Mattie Donnelly basks in glow of Tyrone triumph and warns 'our best yet to come'

By Karl O'Kane

You sense it may not have been how Mattie Donnelly dreamt it — or believed it would happen.

But equally, if that was the case, he didn’t seem to give a hoot either.

Getting over the line in an All-Ireland final was all that mattered, with the clock ticking at 30 years of age, and after committing two decades of his life to Tyrone GAA.

Eyebrows were raised in plenty of quarters at the two-time All Star’s substitution after just 44 minutes of Saturday night’s Sam Maguire decider triumph, but it was the result that mattered to Donnelly.

Donnelly, who made his Tyrone Championship debut back in 2012, had been part of Red Hands sides which lost four All-Ireland semi-finals (2013, 2015, 2017, 2019) and one final (2018).

In all of those games they just weren’t quite good enough and couldn’t have too many qualms about the results.

It still hurt though, but last Saturday night made it all worthwhile.

All the sacrifices and the hours in the gym, wondering would they ever get there in the Dublin era.

Donnelly, who has played 57 Championship games for Tyrone, scoring 1-68, said: “This isn’t a thing since last October.

“It’s since we all laced our boots up. That’s what I said to the boys. It’s all come together and it’s culminated in this.

“Even when I started out in the senior squad, you are looking in front of you, looking behind you, to see what’s coming.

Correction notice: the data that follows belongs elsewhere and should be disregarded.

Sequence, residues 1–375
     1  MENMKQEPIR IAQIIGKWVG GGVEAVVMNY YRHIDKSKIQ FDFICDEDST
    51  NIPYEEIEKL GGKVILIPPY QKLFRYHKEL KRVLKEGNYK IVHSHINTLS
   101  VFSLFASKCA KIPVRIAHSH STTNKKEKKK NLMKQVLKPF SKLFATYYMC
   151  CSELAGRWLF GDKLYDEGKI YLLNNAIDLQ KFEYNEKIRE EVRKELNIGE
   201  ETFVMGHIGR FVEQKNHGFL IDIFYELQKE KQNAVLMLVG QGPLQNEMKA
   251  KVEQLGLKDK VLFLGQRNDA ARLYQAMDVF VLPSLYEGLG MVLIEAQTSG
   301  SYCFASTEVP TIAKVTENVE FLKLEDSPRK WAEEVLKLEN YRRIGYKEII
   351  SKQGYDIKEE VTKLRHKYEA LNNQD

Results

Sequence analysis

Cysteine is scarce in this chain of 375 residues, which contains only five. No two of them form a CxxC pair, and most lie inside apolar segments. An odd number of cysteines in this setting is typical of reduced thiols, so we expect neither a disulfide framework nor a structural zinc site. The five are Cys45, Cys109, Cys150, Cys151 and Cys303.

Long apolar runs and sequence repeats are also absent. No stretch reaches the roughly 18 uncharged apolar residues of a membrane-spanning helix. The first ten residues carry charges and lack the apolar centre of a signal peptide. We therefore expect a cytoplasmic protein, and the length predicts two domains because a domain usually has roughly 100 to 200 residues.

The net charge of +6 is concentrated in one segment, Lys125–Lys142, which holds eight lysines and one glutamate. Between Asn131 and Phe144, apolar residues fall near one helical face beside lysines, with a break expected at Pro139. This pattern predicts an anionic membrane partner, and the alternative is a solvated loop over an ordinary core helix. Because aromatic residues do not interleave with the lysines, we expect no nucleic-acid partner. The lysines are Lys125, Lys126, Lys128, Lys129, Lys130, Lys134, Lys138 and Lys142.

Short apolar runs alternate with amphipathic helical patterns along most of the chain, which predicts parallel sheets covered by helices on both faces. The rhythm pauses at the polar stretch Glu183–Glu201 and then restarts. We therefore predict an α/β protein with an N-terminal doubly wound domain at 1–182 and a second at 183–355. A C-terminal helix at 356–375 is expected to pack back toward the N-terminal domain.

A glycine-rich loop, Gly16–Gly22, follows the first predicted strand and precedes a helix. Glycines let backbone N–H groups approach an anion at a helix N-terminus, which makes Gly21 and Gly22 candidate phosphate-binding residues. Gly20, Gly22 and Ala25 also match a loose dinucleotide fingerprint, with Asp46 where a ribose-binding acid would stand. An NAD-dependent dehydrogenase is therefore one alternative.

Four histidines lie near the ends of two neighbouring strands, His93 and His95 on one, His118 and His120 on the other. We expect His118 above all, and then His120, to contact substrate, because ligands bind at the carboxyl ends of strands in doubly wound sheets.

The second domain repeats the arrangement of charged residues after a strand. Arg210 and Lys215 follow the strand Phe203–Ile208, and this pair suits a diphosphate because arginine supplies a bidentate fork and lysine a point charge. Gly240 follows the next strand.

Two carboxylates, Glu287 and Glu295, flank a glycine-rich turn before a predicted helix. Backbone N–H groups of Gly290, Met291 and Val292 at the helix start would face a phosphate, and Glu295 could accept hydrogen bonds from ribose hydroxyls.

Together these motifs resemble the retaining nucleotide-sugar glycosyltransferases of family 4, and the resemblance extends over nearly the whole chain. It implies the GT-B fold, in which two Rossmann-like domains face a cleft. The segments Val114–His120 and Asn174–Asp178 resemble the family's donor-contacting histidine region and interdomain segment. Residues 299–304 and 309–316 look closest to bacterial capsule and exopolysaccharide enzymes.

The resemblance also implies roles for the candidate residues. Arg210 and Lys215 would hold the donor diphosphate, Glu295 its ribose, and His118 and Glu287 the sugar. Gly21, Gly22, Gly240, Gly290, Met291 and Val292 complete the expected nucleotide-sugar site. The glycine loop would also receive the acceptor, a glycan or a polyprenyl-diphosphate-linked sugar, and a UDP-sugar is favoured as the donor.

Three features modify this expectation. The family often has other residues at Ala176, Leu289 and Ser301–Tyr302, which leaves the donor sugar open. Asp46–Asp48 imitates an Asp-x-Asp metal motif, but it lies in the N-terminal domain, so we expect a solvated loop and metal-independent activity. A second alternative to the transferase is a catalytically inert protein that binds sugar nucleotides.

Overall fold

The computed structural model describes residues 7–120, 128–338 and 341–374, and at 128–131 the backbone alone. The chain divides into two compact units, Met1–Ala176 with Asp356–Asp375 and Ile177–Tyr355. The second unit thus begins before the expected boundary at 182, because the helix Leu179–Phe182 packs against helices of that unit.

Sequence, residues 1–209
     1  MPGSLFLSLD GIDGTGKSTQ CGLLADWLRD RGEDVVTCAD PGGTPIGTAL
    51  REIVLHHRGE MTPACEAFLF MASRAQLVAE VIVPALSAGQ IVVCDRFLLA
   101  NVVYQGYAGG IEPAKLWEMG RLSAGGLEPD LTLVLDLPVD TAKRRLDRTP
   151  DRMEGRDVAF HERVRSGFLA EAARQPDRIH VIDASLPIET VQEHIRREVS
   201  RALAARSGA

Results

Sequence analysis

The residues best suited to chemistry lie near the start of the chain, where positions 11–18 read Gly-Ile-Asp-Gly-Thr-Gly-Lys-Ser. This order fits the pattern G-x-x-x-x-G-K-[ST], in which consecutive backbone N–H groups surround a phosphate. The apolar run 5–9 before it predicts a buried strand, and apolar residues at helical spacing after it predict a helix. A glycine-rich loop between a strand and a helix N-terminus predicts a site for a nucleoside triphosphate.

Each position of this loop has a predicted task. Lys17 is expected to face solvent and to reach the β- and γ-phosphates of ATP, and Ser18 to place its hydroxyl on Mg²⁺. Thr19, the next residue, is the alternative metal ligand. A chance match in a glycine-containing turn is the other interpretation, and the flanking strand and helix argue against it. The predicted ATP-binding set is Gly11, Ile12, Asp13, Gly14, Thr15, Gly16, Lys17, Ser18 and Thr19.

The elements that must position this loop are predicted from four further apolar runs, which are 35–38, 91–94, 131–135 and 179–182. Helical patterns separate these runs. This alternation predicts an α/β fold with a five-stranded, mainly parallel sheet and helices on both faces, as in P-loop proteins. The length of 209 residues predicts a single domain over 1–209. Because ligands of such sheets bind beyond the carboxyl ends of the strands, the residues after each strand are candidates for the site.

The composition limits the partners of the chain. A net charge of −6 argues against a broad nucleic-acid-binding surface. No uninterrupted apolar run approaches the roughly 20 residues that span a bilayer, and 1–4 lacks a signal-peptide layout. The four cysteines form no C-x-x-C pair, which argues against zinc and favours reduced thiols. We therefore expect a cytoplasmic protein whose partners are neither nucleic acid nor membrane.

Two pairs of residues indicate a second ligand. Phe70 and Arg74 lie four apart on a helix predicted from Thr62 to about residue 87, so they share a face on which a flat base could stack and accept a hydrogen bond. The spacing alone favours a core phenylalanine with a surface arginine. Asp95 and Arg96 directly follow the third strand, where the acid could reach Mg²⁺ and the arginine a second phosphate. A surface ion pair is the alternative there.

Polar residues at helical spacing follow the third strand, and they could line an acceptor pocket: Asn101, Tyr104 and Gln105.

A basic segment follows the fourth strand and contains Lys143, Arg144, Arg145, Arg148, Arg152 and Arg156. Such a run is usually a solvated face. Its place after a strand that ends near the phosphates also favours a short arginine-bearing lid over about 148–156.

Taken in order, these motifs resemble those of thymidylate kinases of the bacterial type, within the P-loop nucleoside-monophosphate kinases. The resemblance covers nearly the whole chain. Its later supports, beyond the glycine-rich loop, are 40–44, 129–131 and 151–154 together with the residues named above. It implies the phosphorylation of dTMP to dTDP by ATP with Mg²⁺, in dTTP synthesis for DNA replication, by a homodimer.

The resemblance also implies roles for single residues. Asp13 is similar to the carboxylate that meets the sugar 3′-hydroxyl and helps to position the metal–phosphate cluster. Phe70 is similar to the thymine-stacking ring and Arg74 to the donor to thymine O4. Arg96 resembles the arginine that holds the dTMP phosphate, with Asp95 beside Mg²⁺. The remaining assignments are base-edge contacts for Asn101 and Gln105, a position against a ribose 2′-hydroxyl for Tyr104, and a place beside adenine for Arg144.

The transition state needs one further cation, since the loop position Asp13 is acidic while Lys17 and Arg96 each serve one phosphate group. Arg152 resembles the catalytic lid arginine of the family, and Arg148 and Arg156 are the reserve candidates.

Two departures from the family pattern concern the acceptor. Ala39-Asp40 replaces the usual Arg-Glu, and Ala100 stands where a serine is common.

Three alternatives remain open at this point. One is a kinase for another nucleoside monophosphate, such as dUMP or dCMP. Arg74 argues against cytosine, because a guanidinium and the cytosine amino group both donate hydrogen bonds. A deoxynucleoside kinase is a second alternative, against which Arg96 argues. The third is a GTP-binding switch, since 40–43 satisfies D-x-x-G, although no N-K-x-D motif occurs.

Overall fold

“You just knew when them boys were coming, everyone that was meant to be there was in that changing room.

“Just the perfect blend, the perfect mix. Just the perfect team and the perfect result.”

Donnelly says he always believed he would win a Celtic Cross to put beside his All-Ireland minor medal from 2008.

“You see them (players) after the game, boys you have been through so much with,” said the Trillick man. “Never lose faith.

“When you were after hard losses, down in the dumps and things look bleak, you remember the conversations and the things that stick out, and the moments that boys dug in and stuck together.

“That’s why this is just unbelievable.”

Donnelly didn’t mince his words when asked if it was redemption for the 2018 All-Ireland final defeat by Dublin when he was Tyrone skipper.

“It 100 per cent is,” he said.

“You don’t often get big chances at the big one and this was a second chance for a lot of us.

“First chance for some but you just never know when they come around. We were determined to grasp it and we did.

“The scary thing is, that team probably isn’t operating at optimum levels yet.

“We haven’t reached our ceiling yet, so we have to look at that, and that makes the future exciting as well.”

Donnelly continued: “I think the moments on the pitch afterwards just caught you by surprise.

“When you see your brother, your club mates, the boys that you have been in the doldrums with for 10, 12 years now.

“Even Petey Harte. (I have) been on the go with that man since he was 15/16 and just to share the day and validate all the work we have done.

“It was just emotional and it just makes it all worthwhile.”

Tyrone's Peter Harte celebrates after the game with his daughter Ava and his father-in-law and Tyrone legend Peter Canavan (©INPHO/James Crombie)

Donnelly praised the input of their current Brian Dooher and Feargal Logan-led management team and the previous one fronted by Mickey Harte and Gavin Devlin.

He continued: “We can’t lose sight of the fact too that they (Dooher and Logan) really carried on the basis that was laid there by the previous management.

“Those two (Logan and Dooher), just the energy and the passion that they have for Tyrone, just gave us that real jolt through this year.

“It wasn’t smooth sailing from start to finish, but the intentions were always good and the intentions were pure and that came to the fore.”